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With my research, it looks like a patent doesn't really make much profit from it due to the high maintenance fee. So I'm thinking is it possible to license my idea to public (for free or way less money) so that anyone can integrate into their product while they can't register as their patent. Something like Creative Common for innovations. Is there such a method?

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You are correct that it is quite expensive to patent something in U.S. law.

Under U.S. patent law, once an idea is publicly published, if no one else has a patent application for the same idea that is pending, the idea enters the public domain and no one can obtain a patent of that idea. The publication become "prior art" with respect to any future patent application which cannot be protected by patent law.

Of course, if you publish an invention which you discovered independently, that someone else already has a patent application pending for that will be approved the following week, the fact that you published it after the patent was applied for doesn't prevent the person with the pending patent application from having it approved.

The term "invention" rather than "idea" is what I will use for the remainder of this answer, because there are many ideas which may not be patented, while the lion's share of patentable ideas are appropriately described as "inventions." But, understand that as used in this answer, the term "invention" is being used to refer to the concepts and ideas necessary to make the invention, and not to a particular instance of a product made using those concepts and ideas.

When an invention is in the public domain, anyone can utilize the invention free of charge without a license. People who use the invention are not even required to acknowledge that you invented or discovered it.

An invention is also not eligible to be patented if more than a year has elapsed since the first sale of a product using it. But, in that case, the invention can still be protected as a trade secret until it is voluntarily disclosed in some fashion to someone who is not subject to a non-disclosure agreement. (I say voluntary, because the fact that, for example, an unauthorized corporate spy sees the trade secret doesn't end the status of the invention as a trade secret.)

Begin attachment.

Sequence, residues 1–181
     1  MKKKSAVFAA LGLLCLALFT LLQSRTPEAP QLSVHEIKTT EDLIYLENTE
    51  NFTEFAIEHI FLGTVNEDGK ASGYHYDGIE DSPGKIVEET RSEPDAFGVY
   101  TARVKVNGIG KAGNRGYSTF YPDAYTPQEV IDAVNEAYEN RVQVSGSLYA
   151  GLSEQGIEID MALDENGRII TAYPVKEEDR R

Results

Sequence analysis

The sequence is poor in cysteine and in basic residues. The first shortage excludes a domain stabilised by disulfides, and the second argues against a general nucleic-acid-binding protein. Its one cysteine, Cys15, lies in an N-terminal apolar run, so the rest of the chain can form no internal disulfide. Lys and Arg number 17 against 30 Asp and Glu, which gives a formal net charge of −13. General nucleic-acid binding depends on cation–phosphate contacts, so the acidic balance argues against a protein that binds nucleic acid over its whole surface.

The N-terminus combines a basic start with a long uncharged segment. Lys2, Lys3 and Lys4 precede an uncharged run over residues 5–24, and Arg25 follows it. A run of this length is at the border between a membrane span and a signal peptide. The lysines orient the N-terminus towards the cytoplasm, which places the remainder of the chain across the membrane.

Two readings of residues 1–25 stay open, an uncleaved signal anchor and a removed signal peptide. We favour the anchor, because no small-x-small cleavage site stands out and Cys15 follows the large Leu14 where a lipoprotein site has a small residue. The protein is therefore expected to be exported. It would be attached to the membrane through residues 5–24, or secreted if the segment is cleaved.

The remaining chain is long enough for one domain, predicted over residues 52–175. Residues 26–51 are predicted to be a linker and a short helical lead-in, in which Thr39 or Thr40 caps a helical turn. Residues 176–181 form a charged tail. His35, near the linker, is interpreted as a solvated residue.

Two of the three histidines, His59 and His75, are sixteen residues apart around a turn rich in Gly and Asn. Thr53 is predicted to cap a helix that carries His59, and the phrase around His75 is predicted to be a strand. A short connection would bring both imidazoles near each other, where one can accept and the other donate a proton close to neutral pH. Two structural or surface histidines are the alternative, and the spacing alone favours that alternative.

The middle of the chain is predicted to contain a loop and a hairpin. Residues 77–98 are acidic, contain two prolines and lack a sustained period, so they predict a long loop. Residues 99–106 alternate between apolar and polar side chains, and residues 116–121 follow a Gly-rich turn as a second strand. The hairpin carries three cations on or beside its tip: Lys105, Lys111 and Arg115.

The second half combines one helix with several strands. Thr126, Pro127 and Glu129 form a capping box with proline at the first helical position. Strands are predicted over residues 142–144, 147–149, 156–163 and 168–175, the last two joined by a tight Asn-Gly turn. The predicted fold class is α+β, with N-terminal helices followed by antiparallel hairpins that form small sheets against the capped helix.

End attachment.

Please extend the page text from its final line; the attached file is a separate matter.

Some inventions, are effectively publicly disclosed and published the moment that anyone looks at it closely.

The patentable element of other inventions are invisible to an end user, or to observer of an end user.

For example, if the invention involves something in the interior of a device, or the invention involves something not visible to the naked eye (e.g. a process for synthesizing an industrial chemical from other chemicals where the chemical formula of the ingredients and end result can't be determined without a microscope or analytical chemistry tests), merely showing someone a product made using the invention will not put it in the public domain.

It is generally legal to reverse engineer or independently come up with an invention which is merely a trade secret. It is not legal to use a patented invention or process, even if it is not directly copied and is instead reverse engineered or independently discovered, during the lifetime of the patent.

There is no straightforward way to put an invention into the public domain while retaining any right to acknowledgement that you invented it or otherwise exercise control through a licensing agreement without patenting it.

  • So as soon as I release my product and there isn't any pending patents related to the product, the idea can no longer be patented and I don't need to worry about being subjected as patent infringement as someone copy it and patent it. Correct? – Andrew.Wolphoe Feb 14 at 20:01
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    @Andrew-at-TW Pretty much. Ideally, you should retain good evidence to prove when you released your product and exactly describing your product. This will make it much easier to defend a patent infringement suit from someone claiming to have a patent on your invention. Patent examiners aren't omniscient and might fail to learn that your invention is already in the public domain and errantly issue a patent, which would then only be invalidated in the defense of a patent infringement lawsuit (or a subsequent PTO review). You should win if sued, but anyone can file a losing lawsuit. – ohwilleke Feb 14 at 20:06
  • @BruceWayne because ideas are not copyrightable. You publish it and everyone can use it, unless it is patented. – Greendrake Feb 15 at 4:58
  • For ohwilleke said, you should retain good evidence which means you should probably try to publish it on big social media sites like Facebook which will provide a timestamp of the published date and you can also make sure it won't be closed when you need it. – Andrew.Wolphoe Feb 15 at 13:55
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    @Andrew-at-TW: There certainly are digital timestamping mechanisms, but social media is pretty weak, you'd only use that after the fact if it were the best evidence you had. If you are intentionally acquiring a timestamp, use a proper cross-authenticated digital signature. – Ben Voigt Feb 16 at 19:51

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